This is not all:  the first line of Genesis, purely translated from the original, excluding the  first (Baith) (which was added by the Jews,) would read: (Rosheit) (the head) (baurau), (brought forth,) (Eloheim) (the Gods) (ate) (with) (hah-shau-mahyiem) (the heavens) (veh-ate), (and with) (hauaurates), (the earth.)  In simple English.  The Head brought forth the Gods, with the heavens and with the earth.  The `Head' must have meant the `living God,' or Head God:  Christ is our head.  The term `Eloheim,' plural of Elohah, or ale, is used alike in the first chapter of Genesis, for the creation, and the quotation of Satan.  In the second chapter, and fourth verse, we have this remarkable history:  "(These are the generations of the heavens and of the earth, when they were brought forth; in the day that the Lord of the Gods made earth and heavens)."  The Hebrew reads so.

Truly Jesus Christ created the worlds, and is Lord of Lords, and as the Psalmist said:  `Judges among the Gods.'  Then  Moses  might have said with propriety, he is the `living God,' and Christ, speaking of the flesh could say:-I am the son of man; and  Peter  enlightened by the Holy Ghost;-Thou art the Son of the living God, meaning our Father in heaven, who is the Father of all spirits, and who with Jesus Christ, his first begotten son, and the Holy Ghost, are one in power, one in dominion, and one in glory, constituting the first presidency of this system, and this eternity.  But they are as much three distinct persons as the sun, moon, and earth are three different bodies.

And again the `twelve kingdoms' which are under the above mentioned presidency of the Father, Son, and Holy Ghost, are governed by the same rules, and destined to the same honor; [Book D. C., page 135 13.]  For "Behold, I will liken these kingdoms unto a man having a field, and he sent forth his servants into the field, to dig in the field; and he said unto the first, go ye and labor in the field, and in the first hour I will come unto you, and ye shall behold the joy of my countenance:  and he said unto the second, go ye also into the field, and in the second hour I will visit you with the joy of my countenance; and also unto the third saying, I will visit you; and unto the fourth, and so on unto the twelfth."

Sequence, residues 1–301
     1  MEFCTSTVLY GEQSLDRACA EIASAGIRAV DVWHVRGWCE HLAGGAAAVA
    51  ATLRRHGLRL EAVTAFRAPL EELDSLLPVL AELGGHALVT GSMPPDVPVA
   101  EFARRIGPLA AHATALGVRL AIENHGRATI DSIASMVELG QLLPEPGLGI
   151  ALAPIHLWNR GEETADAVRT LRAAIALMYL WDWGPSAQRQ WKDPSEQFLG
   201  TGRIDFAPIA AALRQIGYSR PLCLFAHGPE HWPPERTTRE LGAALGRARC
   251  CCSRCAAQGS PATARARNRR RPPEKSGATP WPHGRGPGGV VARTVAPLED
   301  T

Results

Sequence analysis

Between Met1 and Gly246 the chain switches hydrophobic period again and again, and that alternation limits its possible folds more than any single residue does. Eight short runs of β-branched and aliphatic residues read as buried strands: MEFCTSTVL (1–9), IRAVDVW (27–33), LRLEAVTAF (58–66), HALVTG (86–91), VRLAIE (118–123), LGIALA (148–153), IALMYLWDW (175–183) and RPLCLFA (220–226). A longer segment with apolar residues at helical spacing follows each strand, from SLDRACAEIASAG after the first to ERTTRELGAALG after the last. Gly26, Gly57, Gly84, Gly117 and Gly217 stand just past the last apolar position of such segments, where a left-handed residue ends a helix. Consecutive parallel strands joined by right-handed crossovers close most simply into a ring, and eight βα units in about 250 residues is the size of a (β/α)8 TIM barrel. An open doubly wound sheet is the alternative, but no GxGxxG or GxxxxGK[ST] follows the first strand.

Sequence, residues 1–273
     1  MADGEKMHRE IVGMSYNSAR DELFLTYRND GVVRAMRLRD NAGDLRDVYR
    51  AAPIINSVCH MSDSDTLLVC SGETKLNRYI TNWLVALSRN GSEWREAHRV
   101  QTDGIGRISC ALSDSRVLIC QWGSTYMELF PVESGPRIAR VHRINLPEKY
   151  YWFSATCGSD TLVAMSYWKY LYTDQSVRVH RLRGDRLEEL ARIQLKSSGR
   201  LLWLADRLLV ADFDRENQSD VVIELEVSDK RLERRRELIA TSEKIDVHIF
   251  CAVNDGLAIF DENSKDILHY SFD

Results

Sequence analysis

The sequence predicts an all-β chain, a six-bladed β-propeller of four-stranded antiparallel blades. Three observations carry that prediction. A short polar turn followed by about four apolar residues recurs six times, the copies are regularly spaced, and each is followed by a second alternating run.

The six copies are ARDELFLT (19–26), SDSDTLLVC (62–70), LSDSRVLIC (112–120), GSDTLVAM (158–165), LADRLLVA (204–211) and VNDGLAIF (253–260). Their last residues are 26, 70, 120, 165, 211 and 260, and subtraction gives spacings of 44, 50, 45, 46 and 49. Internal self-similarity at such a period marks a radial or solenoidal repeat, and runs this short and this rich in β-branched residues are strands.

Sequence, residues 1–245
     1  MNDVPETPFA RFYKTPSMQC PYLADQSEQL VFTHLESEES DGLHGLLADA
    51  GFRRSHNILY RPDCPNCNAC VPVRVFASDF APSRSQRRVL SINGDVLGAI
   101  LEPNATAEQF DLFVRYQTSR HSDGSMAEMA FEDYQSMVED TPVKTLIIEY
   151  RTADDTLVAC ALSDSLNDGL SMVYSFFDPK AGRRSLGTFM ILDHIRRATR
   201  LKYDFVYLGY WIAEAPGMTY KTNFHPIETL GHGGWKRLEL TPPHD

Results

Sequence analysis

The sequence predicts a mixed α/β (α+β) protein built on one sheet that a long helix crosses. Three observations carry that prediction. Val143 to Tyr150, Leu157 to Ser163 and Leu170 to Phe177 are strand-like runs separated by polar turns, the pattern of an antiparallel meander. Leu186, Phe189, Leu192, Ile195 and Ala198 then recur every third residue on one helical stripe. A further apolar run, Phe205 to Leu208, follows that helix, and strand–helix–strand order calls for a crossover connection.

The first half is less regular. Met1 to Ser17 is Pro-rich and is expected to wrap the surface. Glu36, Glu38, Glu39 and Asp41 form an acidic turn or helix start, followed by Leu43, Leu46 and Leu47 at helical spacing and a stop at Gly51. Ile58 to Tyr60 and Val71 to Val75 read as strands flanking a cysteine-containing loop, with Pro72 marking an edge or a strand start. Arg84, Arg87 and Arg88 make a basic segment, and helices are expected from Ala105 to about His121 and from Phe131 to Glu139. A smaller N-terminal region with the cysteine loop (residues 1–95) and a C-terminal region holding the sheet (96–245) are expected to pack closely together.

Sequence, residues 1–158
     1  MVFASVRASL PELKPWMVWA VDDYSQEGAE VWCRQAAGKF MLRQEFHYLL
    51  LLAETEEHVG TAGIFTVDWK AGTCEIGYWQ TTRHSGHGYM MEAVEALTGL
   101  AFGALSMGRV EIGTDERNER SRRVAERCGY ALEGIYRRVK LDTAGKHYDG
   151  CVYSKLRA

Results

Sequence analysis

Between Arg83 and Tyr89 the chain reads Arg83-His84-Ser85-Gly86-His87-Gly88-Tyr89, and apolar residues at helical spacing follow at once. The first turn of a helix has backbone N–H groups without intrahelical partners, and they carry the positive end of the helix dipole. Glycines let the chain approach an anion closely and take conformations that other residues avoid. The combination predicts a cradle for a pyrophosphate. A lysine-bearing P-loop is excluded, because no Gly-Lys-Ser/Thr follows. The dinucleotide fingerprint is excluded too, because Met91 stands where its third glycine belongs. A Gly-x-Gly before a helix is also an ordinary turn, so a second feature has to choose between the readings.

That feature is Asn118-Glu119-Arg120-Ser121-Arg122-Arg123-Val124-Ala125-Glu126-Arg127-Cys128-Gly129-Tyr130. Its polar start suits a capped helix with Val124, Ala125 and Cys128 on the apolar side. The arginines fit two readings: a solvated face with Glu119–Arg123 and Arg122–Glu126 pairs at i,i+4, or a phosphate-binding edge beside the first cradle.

Without going into the full investigation of the history and excellency of God, the Father of our Lord Jesus Christ, in this article, let us reflect that Jesus Christ, as Lord of Lords, and king of kings, must have a noble race in the heavens, or upon the earth, or else he can never BE as great in power, dominion, might, and authority as the scriptures declare.  But hear; the mystery is solved.   John  says:  [Rev.  XIV: 1.]  `And I looked, and, lo, a Lamb stood on the mount Sion, and with him an hundred forty and four thousand, having his Father's name written in their foreheads.'

`Their Father's name,' bless me! that is GOD!  Well done for Mormonism; (one hundred and forty four thousand GODS, among the tribes of Israel, and, two living Gods and the Holy Ghost, for this world!  Such knowledge is too wonderful for men, unless they possess the spirit of Gods.  It unravels the little mysteries, which like a fog, hides the serene atmosphere of heaven, and looks from world to world; from system to system; from universe to universe; and from eternity to eternity, where, in each, and all, there is a presidency of Gods, and Gods many, and Lords many; and from time to time, or from eternity to eternity, Jesus Christ shall bring in another world regulated and saved as this will be when he delivers it up to the Father; and God becomes (all in all).  `And,' as  John  the Revelator said:  [XXII: 3, 4.] `there shall be no more curse:  but the throne of God and of the Lamb shall be in it; and his servants shall serve him.  And they shall see his face; and his name shall be in their foreheads.' 

`His name in their foreheads', undoubtedly means `God' on the front of their crowns; for, when all things are created new, in the celestial kingdom, the servants of God, the innumerable multitude, are crowned, and, are perfect men and women in the Lord, one in glory, one in knowledge, and one in image:  they are like Christ, and he is like God:  then, O, then, they are all `Living Gods,' having passed from Death unto Life, and possess the power of eternal lives!